These are the questions base on the article that I attached below.
1) What is the implication that there are no ‘fixed sequence differences’ between Bryoria fremontii and B. tortuosa?
2) Why is the ribosomal DNA/RNA used or studied so often for fungi?
3) What does it mean for ‘majority of our lichen-derived sequences form a strongly supported monophyletic clade with Cyphobasidium”? What does this signify about the evolution of these the lichen-derived Basidiomycota fungi?
4) Explain the y-axis of Fig. 1C-F. What does ‘logFC’ stand for? What does each dot represent? And what does it mean to be above or below the zero line?
5) If Bryoria tortuosa and fremontii were genetically distinct, how should the colors on the tips of the trees be distributed in Fig. 1 a & b?
These are the questions base on the article that I attached below. 1) What is the implication that there are no ‘fixed sequence differences’ between Bryoria fremontii and B. tortuosa? 2) Why is the ri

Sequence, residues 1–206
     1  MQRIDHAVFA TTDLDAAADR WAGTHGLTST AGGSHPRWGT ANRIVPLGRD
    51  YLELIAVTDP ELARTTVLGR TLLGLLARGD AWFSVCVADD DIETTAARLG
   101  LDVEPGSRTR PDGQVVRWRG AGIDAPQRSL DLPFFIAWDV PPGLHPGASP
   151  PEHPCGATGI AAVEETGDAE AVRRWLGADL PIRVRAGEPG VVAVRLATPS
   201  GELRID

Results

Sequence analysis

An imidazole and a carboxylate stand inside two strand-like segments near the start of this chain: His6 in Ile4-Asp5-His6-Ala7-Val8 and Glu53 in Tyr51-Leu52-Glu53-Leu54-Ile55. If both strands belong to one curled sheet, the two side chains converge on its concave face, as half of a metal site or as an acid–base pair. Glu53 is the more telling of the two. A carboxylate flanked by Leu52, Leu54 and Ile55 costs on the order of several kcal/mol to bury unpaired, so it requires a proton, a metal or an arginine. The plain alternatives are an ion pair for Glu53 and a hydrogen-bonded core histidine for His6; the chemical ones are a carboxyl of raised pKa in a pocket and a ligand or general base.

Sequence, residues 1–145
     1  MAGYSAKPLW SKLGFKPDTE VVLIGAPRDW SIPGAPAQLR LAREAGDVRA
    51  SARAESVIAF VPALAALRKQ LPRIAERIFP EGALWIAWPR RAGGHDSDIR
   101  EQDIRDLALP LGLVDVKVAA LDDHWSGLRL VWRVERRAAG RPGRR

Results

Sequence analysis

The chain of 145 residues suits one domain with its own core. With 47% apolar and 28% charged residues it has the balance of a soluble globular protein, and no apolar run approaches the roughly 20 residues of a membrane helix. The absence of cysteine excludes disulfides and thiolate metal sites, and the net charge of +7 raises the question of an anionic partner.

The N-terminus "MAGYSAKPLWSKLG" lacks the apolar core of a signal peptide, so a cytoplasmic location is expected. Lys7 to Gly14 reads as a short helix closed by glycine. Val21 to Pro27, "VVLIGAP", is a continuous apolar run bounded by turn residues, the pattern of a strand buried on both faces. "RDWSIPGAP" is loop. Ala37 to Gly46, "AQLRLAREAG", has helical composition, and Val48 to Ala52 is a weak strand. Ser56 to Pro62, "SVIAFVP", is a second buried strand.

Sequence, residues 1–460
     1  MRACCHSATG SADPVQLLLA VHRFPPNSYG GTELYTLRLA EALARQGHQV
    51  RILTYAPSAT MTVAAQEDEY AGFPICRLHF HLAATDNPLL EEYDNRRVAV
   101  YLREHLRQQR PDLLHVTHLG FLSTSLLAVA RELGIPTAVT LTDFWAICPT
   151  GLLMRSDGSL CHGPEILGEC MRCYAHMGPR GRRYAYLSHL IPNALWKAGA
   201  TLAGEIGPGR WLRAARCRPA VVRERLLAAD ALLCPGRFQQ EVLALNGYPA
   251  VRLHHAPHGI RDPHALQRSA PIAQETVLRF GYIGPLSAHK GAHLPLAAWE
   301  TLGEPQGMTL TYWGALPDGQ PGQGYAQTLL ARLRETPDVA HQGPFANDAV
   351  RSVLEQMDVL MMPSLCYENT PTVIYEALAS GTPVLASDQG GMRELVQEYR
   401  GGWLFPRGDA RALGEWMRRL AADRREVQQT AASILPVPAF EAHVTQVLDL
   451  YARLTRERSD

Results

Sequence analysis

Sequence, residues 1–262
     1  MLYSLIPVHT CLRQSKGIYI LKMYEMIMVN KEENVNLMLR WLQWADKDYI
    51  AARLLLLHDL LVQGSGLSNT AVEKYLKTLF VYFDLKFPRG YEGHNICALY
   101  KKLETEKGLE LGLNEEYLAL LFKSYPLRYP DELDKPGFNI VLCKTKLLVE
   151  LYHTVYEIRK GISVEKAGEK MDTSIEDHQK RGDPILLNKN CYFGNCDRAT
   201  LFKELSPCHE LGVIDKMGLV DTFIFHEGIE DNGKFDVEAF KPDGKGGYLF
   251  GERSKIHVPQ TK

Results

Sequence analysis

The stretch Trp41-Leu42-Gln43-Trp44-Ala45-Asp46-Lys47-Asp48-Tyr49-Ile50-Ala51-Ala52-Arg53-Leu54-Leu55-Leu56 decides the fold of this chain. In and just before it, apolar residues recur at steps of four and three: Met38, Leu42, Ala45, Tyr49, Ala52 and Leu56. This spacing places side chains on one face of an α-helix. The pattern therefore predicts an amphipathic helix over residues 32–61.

REPORTS Cite as: Spribille et al ., Science 10.1126/science.aaf8287 (2016). Most definitions of the lichen symbiosis emphasize its dual nature: the mutualism of a single fungus and single photo- synthesizing symbiont, occasionally supplemented by a se c- ond photosynthesizing symbiont in modified structures ( 1– 4 ). Together, these organisms form stratified, often leafy or shrubby body plans (thalli) that resemble none of the sym- bionts in isolation, a feature thought to be unique among symbioses ( 1). Attempts to synthesize lichen thalli from the accepted two components in axenic conditions, however, have seldom produced structures that resemble natural tha l- li ( 5, 6). Notably, a critical structural feature of stratified lichens, the cortex, typically remains rudimentary in labora- tory- generated symbioses ( 5). Recently, it has been sugges t- ed that microbial players, especially bacteria, may play a role in forming complete, functioning lichen thalli (7 ). How- ever, although culturing and amplicon sequencing have r e- vealed rich communities of microbes (7 , 8), including other fungi (8 –10 ), no new st ably associated symbiotic partners have been found. The recalcitrance of lichens to form thalli in vitro means that characterizing symbiont gene activity (e.g., through transcriptomics) requires an approach that works with na t- ural thalli. We used metatrans criptomics to better under-stand the factors involved in forming two macrolichen sy m- bioses, Bryoria fremontii and B. tortuosa . These two species have been distinguished for 90 years by the thallus -wide production of the toxic substance vulpinic acid in B. t ortu- osa , causing it to appear yellowish, in contrast to B. fremontii , which is dark brown (11 ). Recent phylogenetic analyses have failed to detect any fixed sequence differences between the two species in either the mycobiont (Ascomyc o- ta, Lecanoromycetes, Bryoria ) or the photobiont (Vi- ridiplantae, Trebouxia simplex ) when considering four and two loci, respectively ( 12, 13 ). We hypothesized that differe n- tial gene expression might account for the increased pr o- duction of vulpinic acid in B. tortuosa. We first selected 15 thalli (six from B. fremontii and nine from B. tortuosa , all free from visible parasitic infection) from sites across western Montana, USA, for mRNA tra n- scriptome sequencing. An initial transcriptome -wide anal y- sis of single nucleotide polymorphisms (SNPs) for Ascomycota and Viridiplantae transcript subsets showed no correlation between genotype and phenotype in B. fremontii and B. tortuosa , confirming previous results ( 12, 13 ) (Fig. 1, A and B). Next, we estimated transcript abundances by mappin g raw reads back to a single, pooled metatranscri p- Basidiomycete yeasts in the cortex of ascomycete macrolichens Toby Spribille, 1,2* Veera Tuovinen, 3,4 Philipp Resl, 1 Dan Vanderpool, 2 Heimo Wolinski, 5 M. Catherine Aime, 6 Kevin Schneider, 1† Edith Stabentheiner, 1 Merje Toome- Heller, 6‡ Göran Thor, 4 Helmut Mayrhofer, 1 Hanna Johannesson, 3 John P. McCutcheon 2,7 1Institute of Plant Sciences, NAWI Graz, University of Graz, 8010 Graz, Austria. 2Division of Biological Sciences, University of Montana, Missoula, MT 59812, USA. 3Department of Organismal Biology, Uppsala University, Norbyvägen 18D, 752 36 Uppsala, Sweden. 4Department of Ecology, Swedish University of Agricultural Sciences, Post Office Box 7044, SE -75007 Uppsala, Sweden. 5Institute of Molecular Biosciences, BioTechMed -Graz, University of Graz, 8010 Graz, Austria. 6Purdue University, Department of Botany and Plant Pathology, West Lafayette, IN 47907, USA. 7Program in Integrated Microbial Biodiversity, Canadian Institute for Advanced Research, Toronto, Ontario, Canada. *Corresponding author. Email: [email protected] †Present address: Institute of Biodiversity, Animal Health and Comparative Medicine, College of Medical, Veterinary and Life Sciences, University of Gla sgow, Glasgow G12 8QQ, UK. ‡Present address: Plant Health and Environmental Laboratory, Ministry for Primary Industries, Auckland, New Zealand. For over 140 years, lichens have been regarded as a symbiosis between a single fungus, usually an ascomycete, and a photosynthesizing partner. Other fungi have long been known to occur as occasional parasites or endophytes, but the one lichen –one fungus paradigm has seldom been questioned. Here we show that many common lichens are composed of the known ascomycete, the photosynthesizing partner, and, unexpectedly, specific basidiomycete yeasts. These yeasts are embedded in the cortex, and their abundance correlates with previously unexplained variations in phenotype. Basidiomycete lineages maintain close associations with specific lichen species over large geographical distances and have been found on six continents. The structurally important lichen cortex, long treated as a zone of differentiated ascomycete cells, appears to consistently contain two unrelated fungi. First release: 21 July 2016 www.sciencemag.org (Page numbers not final at time of first release ) 1 on September 26, 2017 http://science.sciencemag.org/ Downloaded from tome assembly and binning by taxon. Restricting our anal- yses to Ascomycota and Viridiplantae revealed little diffe r- ential transcript abundance associated with phenotype (Fig. 1, C and E). Taken together, th ese analyses confirm previous conclusions that the two lichen species are nomenclatural synonyms ( 12) but still provide no explanation for the u n- derlying phenotypes (which we shall continue to refer to by their species names for convenience). However, by e xpand- ing the taxonomic range to consider all Fungi, we found 506 contigs with significantly higher abundances in vulpinic acid –rich B. tortuosa thalli. A majority of these contigs were annotated as Basidiomycota (Fig. 1D). These data suggested that a previ ously unrecognized basidiomycete was present in thalli of both species but was more abundant whenever vulpinic acid was present in large amounts. We next sought to determine whether this uncharacte r- ized basidiomycete was specific to the studied Bryoria sp e- cies or could be found in other lichens. From metatranscriptome contigs containing ribosomal RNA (rRNA) basidiomycete sequences, we designed specific pri- mers for ribosomal DNA [rDNA; 18S , internal transcribed spacer (ITS), and D1D2 domains of 28S ) to screen lichens growing physically adjacent to Bryoria in Montana forests. Each assayed lichen species carried a genetically distinct strain of the basidiomycete, indicating a high degree of specificity. Furthermore, we found that Letharia vulpina, a common lichen species growing intermixed with Bryoria , maintained basidiomycete genotypes that were distinct from those in Bryoria , not only in Montana but also in northern Europe (fig. S1). When assaying for the basidiom y- cete across the seven main radiations of macr olichens in the class Lecanoromycetes, we found related basidiomycete li n- eages associated with 52 lichen genera from six continents, including in 42 of 56 sampled genera of the family Pa r- meliaceae (fig. S2). As a whole, these data indicate that b a- sidiomyce te fungi are ubiquitous and global associates of the world’s most speciose radiation ( 14) of macrolichens. To place the basidiomycete lineages in a phylogenetic context, we generated a 349 -locus phylogenomic tree by u s- ing gene sequences inferred from our transcriptome data set and other available genomes (table S1). This analysis placed the basidiomycete as sister to Cystobasidium minutum (class Cystobasidiomycetes, subphylum Pucciniomycotina) with high support (Fig. 2A). The only previously known l i- chen -associated members of Cystobasidiomycetes are two species of Cyphobasidium , which is hypothesized to cause galls on species of Parmeliaceae ( 15). When incorporated into a broader sample of published cystobasidiomycete rD NA sequence data ( 16–18 ), the majority of our lichen- derived sequences form a strongly supported monophyletic clade with Cyphobasidium (Fig. 2B). Using current classif i- cation criteria ( 18), the lichen -associated lineages would include numerous new family -level lineages, and we reco g- nize this set of subclades as the new order Cyphobasidiales ( 19 ). Applying a relaxed molecular clock to our phyl o- genomic tree (Fig. 2A) shows the Cystobasidium – Cyphobasidium split occurring around the same time as the origin of three of the main groups of lecanoromycete ma c- rolichens in which Cyphobasidiales species occur, suggest- ing a long, shared evolutionary history. Two fossil calibrations place this split at around 200 million years be- fore the present (figs. S4 and S5). Our in itial microscopic imaging failed to reveal any cells that we could assign to Basidiomycetes with certainty. Fu r- thermore, attempts to culture the basidiomycete from fresh thalli were unsuccessful. We therefore developed protocols for fluorescent in situ hybridization (FISH) targeting specif- ic ascomycete and cystobasidiomycete rRNA sequences. Cy s- tobasidiomycete -specific FISH probes unambiguously hybridized round, ~3 – to 4 -μ m- diameter cells embedded in the peripheral cortex of both B. fremontii and B. tortuosa (Fig. 3 and movie S1). Consistent with the transcript abu n- dance data, these cells were more abundant in thalli of B. tortuosa (Fig. 3), where they were embedded in secondary metabolite residues (movie S1). Imaging of other lichen sp e- cies likewise revealed cells of similar morphology in the p e- ripheral cortex (fig. S6). Composite three -dimensional FISH images from B. capillaris show the cells occurring in a zone exterior to the lecanoromycete (Fig. 4 and movie S2) and embedded in polysaccharides (Fig. 4C), explaining why these cells are not observed in scanning electron microscopy (Fig. 4A). In some species, such as L. vulpina , the abun- dance of hybridized living cells was low, but selective r e- moval of the polysaccharide layer through washing revealed high den sities of collapsed, apparently dead cells within the cortex (fig. S7). These dead cells may explain the paucity of the FISH signal in some experiments. The mononucleate single cells (fig. S8C), evidence of budding, and absence of hyphae or clamp connectio ns are consistent with an an a- morphic or yeast state in Cystobasidiomycetes. FISH imag- ing of Cyphobasidium galls on the lichen Hypogymnia physodes , obtained from Norway, confirmed the link to the sexual or teleomorphic state (fig. S8), which appears to d e- ve lop rarely ( 15). These data suggest that the gall -inducing form of Cyphobasidium completes its life cycle entirely within lichens. It is remarkable that Cyphobasidium yeasts have evaded detection in lichens until now, despite decades of molecular and micro scopic studies of the Parmeliaceae ( 20–22 ). It seems likely that the failure to detect Cyphobasidium in both Sanger and amplicon sequencing studies (8 ) is due to multi -template polymerase chain reaction bias. The most widespread clade of Cyphobasidium poss esses a 595 –base pair group I intron inserted downstream of the primer bin d- First release: 21 July 2016 www.sciencemag.org (Page numbers not final at time of first release ) 2 on September 26, 2017 http://science.sciencemag.org/ Downloaded from ing site ITS1F, doubling the template length of ITS, a popu- lar fungal barcode ( 23). This, combined with low bac k- ground abundance, can push a template below detection thresholds ( 24). Also, we cannot rule out that Cyphobasidi- um yeasts have actually been sequenced and discarded as presumed contaminants. The lichen cortex layer has long been considered to be key for structural stabilization of macrolichens, as well as for water and nutrient transfer into the thallus interior ( 6, 25 ). Most macrolichens possess a basic two- layer cortex scheme consisting of conglutinated internal hyphae and a thin, polysaccharide -rich peripheral layer ( 25). However, the internal cellular structure is not un iform across lichens (26), and the composition of extracellular polysaccharides is poorly known ( 27). In Bryoria , the layer in which Cy- phobasidium yeasts occur has not been recognized as dis- tinct from the cortex ( 11), although in other parmelioid lichens, a seemingly homologous layer has sometimes been referred to as the “epicortex” ( 20). The discovery of ubiqu i- tous yeasts embedded in the cortex raises the prospect that more than one fungus may be involved in its construction, and it could explain why liche ns synthesized in vitro from axenically grown ascomycete and algal cultures develop only rudimentary cortex layers ( 5). In many lichens, the peripheral cortex layer in which Cyphobasidium yeasts are embedded is enriched with sp e- cific secondary metabolites ( 25), the production of which often does not correlate with the lecanoromycete phylogeny ( 28). The assumption that these substances are exclusively synthesized by the lecanoromycete must now be considered untested. In B. fremontii, differential transcript and cell abundance data, along with physical adjacency to crystalline residues, implicate Cyphobasidium in the production of vulpinic acid, either directly or by inducing its synthesis by the lecanoromycete. Confirming a link by using transcrip- tome or geno me data is impossible until the enzymatic sy n- thesis pathway of vulpinic acid is described. However, related pulvinic acid derivatives are synthesized by other members of Basidiomycota (29 ). The assumption that stratified lichens are constructed by a single fungus with differentiated cell types is so central to the definition of the lichen symbiosis that it has been cod i- fied into lichen nomenclature (30 ). This definition has brought order to the field, but may also have constrained it by forcing untested ass umptions about the true nature of the symbiosis. 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Evol. 2, 399–410 (1985). Medline ACKNOWLEDGMENTS This project was supported by an incubation grant from the University of Montana to J.P.M. and T.S.; by an Austrian Science Fund grant (P25237) to T.S., H.M., and P.R.; by NSF (IOS- 1256680, IOS-1553529, and EPSCoR award NSF- IIA-1443108) and NASA Astrobiology Institute (NNA15BB04A) grants to J.P.M.; by a NSF Graduate Research Fellowship (DGE -1313190) to D.V.; by a grant from the Swedish University of Agricultural Sciences Council for PhD Education (2014.3.2.5 -5149) to V.T.; and by a grant (DO2011- 0022) from Stiftelsen Oscar och Lili Lamms minne to G.T. Specimens from Glacier Bay National Park, AK, were collected with the support of the U.S. National Park Service as part of CESU (Cooperative Ecosystem Studies Units) project P11AC90513. We thank D. Armaleo and F. Lutzoni of Duke University for allowing us to use unpublished data from the Cladonia grayi proteome, as well as P. Dyer, P. Crittenden, and D. Archer (University of Nottingham, UK) for access to unpublished data from the Xanthoria parietina genome project, which is conducted together with the U.S. Department of Energy Joint Genome Institute (supported by the Office of Science of the U.S. Department of Energy under contract no. DE -AC02 – 05CH11231). We thank T. Goward, M. Grube, P. Lukasik, J. T. Van Leuven, F. Fernández -Mendoza, A. Millanes, V. Wagner, and M. Wedin for discussions and L. Bergström, C. Gueidan, J. Hermansson, H. Holien, B. Kanz, E. Lagostina, S. Leavitt, B. McCune, J. Nascimbene, C. Printzen, T. Wheeler, and D. Winston for field support and fresh material. C. Björk, S. Gunnarsson, L. Herritt, M. Hiltunen, W. Obermayer, A. de los Ríos, and E. Timdal provi ded technical help, advice, and photos. We acknowledge the Purdue University Genomic Core Facility for generating transcriptomic data for Cystobasidium minutum and the Institute of Molecular Biosciences –Graz Microscopy Core Facility and S. Kohlwein for providing infrastructural support for imaging. Data are available under accession numbers SRP076577 and SRP073687 in the National Center for Biotechnology Information (NCBI) Sequence Read Archive (transcriptomes), NCBI nucleotide accession numbers KU948728 to KU948928 (single -locus DNA sequences), and the Dryad digital repository at http://dx.doi.org/10.5061/dryad.7qv72 (alignments, scripts, and tree files). SUPPLEMENTARY MATERIALS www.sciencemag.org/cgi/content/full/science.aaf8287/DC1 Materials and Methods Figs. S1 to S16 Tables S1 to S12 References ( 31–74 ) Movies S1 and S2 First release: 21 July 2016 www.sciencemag.org (Page numbers not final at time of first release ) 5 on September 26, 2017 http://science.sciencemag.org/ Downloaded from 6 April 2016; accepted 22 June 2016 Published online 21 July 2016 10.1126/science.aaf8287 First release: 21 July 2016 www.sciencemag.org (Page numbers not final at time of first release ) 6 on September 26, 2017 http://science.sciencemag.org/ Downloaded from Fig. 1. Genome -wide divergence and transcript abundance of fungi and algae, based on symbiont subsets extracted from wild Bryoria metatranscriptomes. (A and B) Unrooted maximum likelihood topologies for (A) the Ascomycota member (lecanoromycete) and (B) the Viridiplantae member (alga) within the lichen pair B. fremontii and B. tortuosa , based on 30,001 and 25,788 SNPs, respectively. Numbers refer to metatranscriptome sample IDs (table S2). Scale bars indicate the average number of substitutions per site. ( C to E) Logarithm of the fold change (logFC) between vulpinic acid –deficient ( B. fremontii) and vulpinic acid –rich ( B. tortuosa ) phenotypes in 15 Bryoria metatranscriptomes, plotted against transcript abundance (logCPM, logarithm of counts per million reads). Only transcripts found in all 15 samples were included. Ascomycota transcripts only are shown in (C). All fungal transcripts are shown in (D), with taxonomic assignments superimposed; a plot with statistically significant transcript differential abundance is shown as an inset. Viridiplantae transcripts are shown in (E). Red dots indicate a log fold change with P < 0.05 in (C), (E) (highlighted with arrows), and the inset of (D). First release: 21 July 2016 www.sciencemag.org (Page numbers not final at time of first release ) 7 on September 26, 2017 http://science.sciencemag.org/ Downloaded from Fig. 2. Placement of Cyphobasidiales members and their diversity within lic hens. (A) Maximum likelihood phylogenomic tree based on 39 fungal proteomes and 349 single -copy orthologous loci. Dating based on a 58- locus subsample shows relative splits between Cyphobasidiales and Cystobasidium minutum and splits leading to the lecanor omycete genera Xanthoria, Cladonia , and Bryoria (colored bars indicate 95% confidence intervals; fungi occurring in lichens are shown in green). ( B) Maximum likelihood rDNA phylogeny of the class Cystobasidiomycetes, with images of representative lichen species from which sequences were obtained in each clade; thick branches indicate bootstrap support >70%. Shaded triangles are scaled to the earliest branch splits of underlying sequence divergence in each clade. Full versions of the trees are shown in fig. S3. First release: 21 July 2016 www.sciencemag.org (Page numbers not final at time of first release ) 8 on September 26, 2017 http://science.sciencemag.org/ Downloaded from Fig. 3. Differential abundance of Cyphobasidiales yeasts in B. fremontii and B. tortuosa . (A) B. fremontii, with ( B) few FISH -hybridized live yeast cells at the level of the cortex. ( C) B. tortuosa , with ( D) abundant FISH -hybridized cortical yeast cells (scale bars, 20 μm). First release: 21 July 2016 www.sciencemag.org (Page numbers not final at time of first release ) 9 on September 26, 2017 http://science.sciencemag.org/ Downloaded from Fig. 4. Fluorescent cell imaging of dual fungal elements in lichen thalli. (A) Scanning electron microscopy image of a thallus filament of B. capillaris (scale bar, 200 μm). ( B) FISH hybridization of B. capillaris thallus, showing Cyphobasidiales yeasts (green) and the lecanoromycete (blue) with algal chlorophyll A autofluorescence (red). The volume within the two vertical lines is visualized on the right; the unclipped frontal view is shown at the top. Movie S2 shows an animation of the three -dimensional ~100 – μm z -stack. ( C) Detail of yeast cells (scale bar, 5 μm). First release: 21 July 2016 www.sciencemag.org (Page numbers not final at time of first release ) 10 on September 26, 2017 http://science.sciencemag.org/ Downloaded from Basidiomycete yeasts in the cortex of ascomycete macrolichens Stabentheiner, Merje Toome-Heller, Göran Thor, Helmut Mayrhofer, Hann a Johannesson and John P. McCutcheon Toby Spribille, Veera Tuovinen, Philipp Resl, Dan Vanderpool, Heimo Woli nski, M. Catherine Aime, Kevin Schneider, Edith published online July 21, 2016 ARTICLE TOOLS http://science.sciencemag.org/content/early/2016/07/20/science.aaf8287 MATERIALS SUPPLEMENTARY http://science.sciencemag.org/content/suppl/2016/07/20/science.aaf8287.D C1 CONTENT RELATED http://science.sciencemag.org/content/sci/353/6297/337.full REFERENCES http://science.sciencemag.org/content/early/2016/07/20/science.aaf8287#B IBL This article cites 64 articles, 12 of which you can access for free PERMISSIONS http://www.sciencemag.org/help/reprints-and-permissions Terms of Service Use of this article is subject to the registered trademark of AAAS. is a Science American Association for the Advancement of Science. No claim to origina l U.S. Government Works. 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